Absolute micron rating provides information of a filter’s ability to remove specific particle sizes at an efficiency of at least 98.7%. This means that if a filter has an absolute micron rating of 5, it’s much more efficient in removing a particle as small as 5 microns – it will remove a minimum of 98.7% of the particles from water.
You should be able to find the micron ratings of a particular filter in its product information. As all particles are variously sized, a filter’s micron rating will give an indication of the types of particles it will remove best.
For example, chlorine, chloramines, lead, and cysts are 5 microns in size, so a filter with a 5 micron rating would eliminate these elements from water the most efficiently.
Household water filtration systems that consist of a larger variety of filters tend to be the best for removing the largest quantity of contaminants, because their filters are designed to remove particles at different micron sizes.
You’ll find that some systems have all in one filters, which can work just as well at removing a broad range of particle types.
One of the biggest determiners for which whole house water filter you opt for is your budget. There’s a substantial difference in price between carbon filters and reverse osmosis or next generation technology filters. While there are certainly benefits to RO and next generation complete systems, if your budget is on the lower end, you’ll still be able to significantly benefit from a carbon-based water filter.
Whole house carbon-based filters cost around $300 to $600 in price. Some filters are more expensive than this, and you may need to pay slightly more for additional features like remineralization filters. Replacement filters can cost anywhere between $20 and $50, depending on the brand you go for.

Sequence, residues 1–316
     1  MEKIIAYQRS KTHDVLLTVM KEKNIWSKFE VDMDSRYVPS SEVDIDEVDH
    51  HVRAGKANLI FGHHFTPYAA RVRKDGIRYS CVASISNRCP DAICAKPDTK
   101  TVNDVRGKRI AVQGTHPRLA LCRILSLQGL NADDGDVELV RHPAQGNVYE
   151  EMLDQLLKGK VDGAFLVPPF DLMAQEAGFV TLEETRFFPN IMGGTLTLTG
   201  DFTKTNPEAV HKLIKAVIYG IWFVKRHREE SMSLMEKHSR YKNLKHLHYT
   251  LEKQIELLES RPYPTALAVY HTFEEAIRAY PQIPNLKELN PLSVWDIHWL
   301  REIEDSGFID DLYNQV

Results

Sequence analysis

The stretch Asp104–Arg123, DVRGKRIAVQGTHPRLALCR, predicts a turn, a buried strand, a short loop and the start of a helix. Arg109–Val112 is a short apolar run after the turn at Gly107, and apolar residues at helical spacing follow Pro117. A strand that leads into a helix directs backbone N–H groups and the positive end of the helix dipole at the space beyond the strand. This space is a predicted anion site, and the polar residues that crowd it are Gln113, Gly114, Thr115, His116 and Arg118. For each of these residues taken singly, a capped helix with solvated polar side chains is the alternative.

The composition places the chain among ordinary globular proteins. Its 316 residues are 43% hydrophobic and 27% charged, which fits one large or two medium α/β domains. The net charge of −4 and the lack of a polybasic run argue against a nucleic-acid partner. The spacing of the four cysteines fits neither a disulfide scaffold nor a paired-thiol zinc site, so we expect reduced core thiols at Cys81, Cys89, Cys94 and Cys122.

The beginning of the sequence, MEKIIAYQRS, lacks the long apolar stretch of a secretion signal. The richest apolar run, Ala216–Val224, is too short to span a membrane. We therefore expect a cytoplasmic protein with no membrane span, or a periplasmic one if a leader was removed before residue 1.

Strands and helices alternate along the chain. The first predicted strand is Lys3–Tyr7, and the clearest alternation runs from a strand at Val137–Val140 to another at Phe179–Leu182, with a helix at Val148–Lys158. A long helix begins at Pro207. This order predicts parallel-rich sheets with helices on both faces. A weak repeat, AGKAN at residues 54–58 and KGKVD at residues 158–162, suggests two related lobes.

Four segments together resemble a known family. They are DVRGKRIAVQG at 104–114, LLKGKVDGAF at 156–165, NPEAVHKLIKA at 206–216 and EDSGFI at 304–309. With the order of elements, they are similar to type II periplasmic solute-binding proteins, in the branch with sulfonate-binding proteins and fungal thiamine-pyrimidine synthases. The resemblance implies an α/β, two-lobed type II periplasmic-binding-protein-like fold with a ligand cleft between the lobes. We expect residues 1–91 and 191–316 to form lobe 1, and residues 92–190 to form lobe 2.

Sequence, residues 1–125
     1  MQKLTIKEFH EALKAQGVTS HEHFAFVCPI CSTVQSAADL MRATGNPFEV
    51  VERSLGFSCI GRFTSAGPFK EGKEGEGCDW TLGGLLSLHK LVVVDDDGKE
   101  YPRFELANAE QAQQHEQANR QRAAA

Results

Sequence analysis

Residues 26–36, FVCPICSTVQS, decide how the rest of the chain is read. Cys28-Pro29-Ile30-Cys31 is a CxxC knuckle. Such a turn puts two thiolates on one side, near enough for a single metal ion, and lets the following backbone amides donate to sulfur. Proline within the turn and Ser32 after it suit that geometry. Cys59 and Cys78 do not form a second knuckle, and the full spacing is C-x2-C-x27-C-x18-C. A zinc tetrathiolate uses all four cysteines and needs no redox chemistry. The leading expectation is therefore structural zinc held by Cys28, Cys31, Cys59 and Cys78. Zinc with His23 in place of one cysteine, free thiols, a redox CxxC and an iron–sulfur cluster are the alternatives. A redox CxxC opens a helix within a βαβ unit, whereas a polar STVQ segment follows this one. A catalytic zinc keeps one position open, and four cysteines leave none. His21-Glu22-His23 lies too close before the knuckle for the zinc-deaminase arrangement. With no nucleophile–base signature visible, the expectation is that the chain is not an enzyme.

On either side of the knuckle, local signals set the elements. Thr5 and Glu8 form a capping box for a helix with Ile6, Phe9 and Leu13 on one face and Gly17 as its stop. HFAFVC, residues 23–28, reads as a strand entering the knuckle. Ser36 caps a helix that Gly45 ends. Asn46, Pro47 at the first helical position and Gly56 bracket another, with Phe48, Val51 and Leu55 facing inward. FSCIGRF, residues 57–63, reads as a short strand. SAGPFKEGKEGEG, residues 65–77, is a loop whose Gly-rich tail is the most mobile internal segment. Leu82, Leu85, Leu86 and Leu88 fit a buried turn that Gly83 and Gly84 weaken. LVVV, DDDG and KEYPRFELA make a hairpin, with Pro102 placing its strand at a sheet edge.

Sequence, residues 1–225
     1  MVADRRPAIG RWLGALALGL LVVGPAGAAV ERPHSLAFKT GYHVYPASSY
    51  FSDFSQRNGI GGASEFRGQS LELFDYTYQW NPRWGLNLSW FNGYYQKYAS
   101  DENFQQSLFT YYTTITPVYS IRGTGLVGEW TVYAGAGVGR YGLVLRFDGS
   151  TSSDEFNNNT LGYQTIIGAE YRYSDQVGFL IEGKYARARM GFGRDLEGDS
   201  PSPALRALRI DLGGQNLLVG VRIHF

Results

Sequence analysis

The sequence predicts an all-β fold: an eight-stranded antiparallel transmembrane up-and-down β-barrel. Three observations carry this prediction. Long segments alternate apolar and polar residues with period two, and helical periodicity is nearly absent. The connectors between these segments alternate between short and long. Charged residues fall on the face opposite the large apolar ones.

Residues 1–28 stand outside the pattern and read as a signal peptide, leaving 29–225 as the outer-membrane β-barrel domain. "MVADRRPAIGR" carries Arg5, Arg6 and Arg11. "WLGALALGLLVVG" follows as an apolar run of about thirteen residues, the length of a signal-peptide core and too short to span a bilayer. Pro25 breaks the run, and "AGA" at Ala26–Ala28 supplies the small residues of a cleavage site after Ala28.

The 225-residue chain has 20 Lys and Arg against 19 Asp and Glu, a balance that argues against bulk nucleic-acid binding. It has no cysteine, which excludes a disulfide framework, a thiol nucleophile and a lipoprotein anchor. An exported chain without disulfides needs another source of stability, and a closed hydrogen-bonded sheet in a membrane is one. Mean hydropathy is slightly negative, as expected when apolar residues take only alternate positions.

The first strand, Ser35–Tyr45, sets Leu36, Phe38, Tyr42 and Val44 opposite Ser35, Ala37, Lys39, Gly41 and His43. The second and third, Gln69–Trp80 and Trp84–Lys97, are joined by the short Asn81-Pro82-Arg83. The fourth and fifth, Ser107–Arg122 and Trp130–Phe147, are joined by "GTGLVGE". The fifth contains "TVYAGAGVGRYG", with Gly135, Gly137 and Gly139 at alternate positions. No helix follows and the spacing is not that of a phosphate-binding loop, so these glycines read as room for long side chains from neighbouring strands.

Reverse osmosis and next generation filters cost between $1,000 and $3,000 to purchase. Whole house RO filters can reach the highest in price, with some peaking past the $5,000 mark. A reverse osmosis system is a much bigger investment than a carbon-based filter, and if your budget is more flexible, you’ll need to decide whether it’s worth paying more for the additional benefits of RO.
Flow & water pressure
Your household’s water pressure is a factor which will affect the efficiency of your whole house water filter, especially reverse osmosis systems.
You might think that a higher water pressure or flow is always the best option, but that isn’t true. Carbon filters actually benefit from a slower water flow, as it allows the filters to more thoroughly remove particles from water over a longer period of time. It’s less important to have a higher water pressure for this type of whole house water filter – you’ll just need enough pressure to send water through your system and out of your faucet.
In reverse osmosis filters, on the other hand, a water pressure of 60 PSI is optimal for water filtration, as it allows water to flow through the filters quickly enough for the whole process to be most efficient.
This type of filtration requires adequate water pressure to force water through the RO membrane at a sufficient rate. Without a good enough water pressure, there won’t be enough driving force to send water through the RO membrane at a fast rate, resulting in more water waste and slowing down the production of clean water.
You can test your home’s water pressure with a pressure gauge that measures in PSI. You’ll find these in most hardware stores or online. If you’re interested in a whole home RO filter and your water pressure is lower than 30 PSI, it’s recommended that you purchase a booster pump, which can get your water pressure and flow up to a more desired level.
The best whole house water filters are certified by either the WQA or NSF International. Certification proves that a filter works to the standards as advertised by its manufacturer, and ensures that a product is worth the money you’re paying for it.
Water Quality Association (WQA)
The Water Quality Association is an independent body that helps customers identify when a water quality improvement product is at a certified level of high standards and expertise. Manufacturers can obtain WQA certification to prove to customers that their product is approved by a third party for offering legitimate benefits.
To obtain WQA certification, a manufacturer of a water filter needs to complete specific coursework, pass an exam and agree to abide to the WQA’s Code of Ethics for the Water Quality Improvement Industry.
NSF International is the more popular certification body of the two, and a product that is NSF certified is recognised by a blue NSF mark displayed on its packaging or marketing images online. NFS certification ensures customers that an independent third party has reviewed a product’s manufacturing process and concluded that a product complies with specific standards for safety, quality, sustainability or performance.